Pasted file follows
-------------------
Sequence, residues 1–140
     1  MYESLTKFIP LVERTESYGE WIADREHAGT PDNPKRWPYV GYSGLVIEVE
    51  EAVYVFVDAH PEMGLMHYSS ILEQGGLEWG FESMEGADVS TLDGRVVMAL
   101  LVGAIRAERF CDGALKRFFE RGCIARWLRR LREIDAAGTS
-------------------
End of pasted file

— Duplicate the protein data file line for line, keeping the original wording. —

Sequence, residues 1–140
     1  MYESLTKFIP LVERTESYGE WIADREHAGT PDNPKRWPYV GYSGLVIEVE
    51  EAVYVFVDAH PEMGLMHYSS ILEQGGLEWG FESMEGADVS TLDGRVVMAL
   101  LVGAIRAERF CDGALKRFFE RGCIARWLRR LREIDAAGTS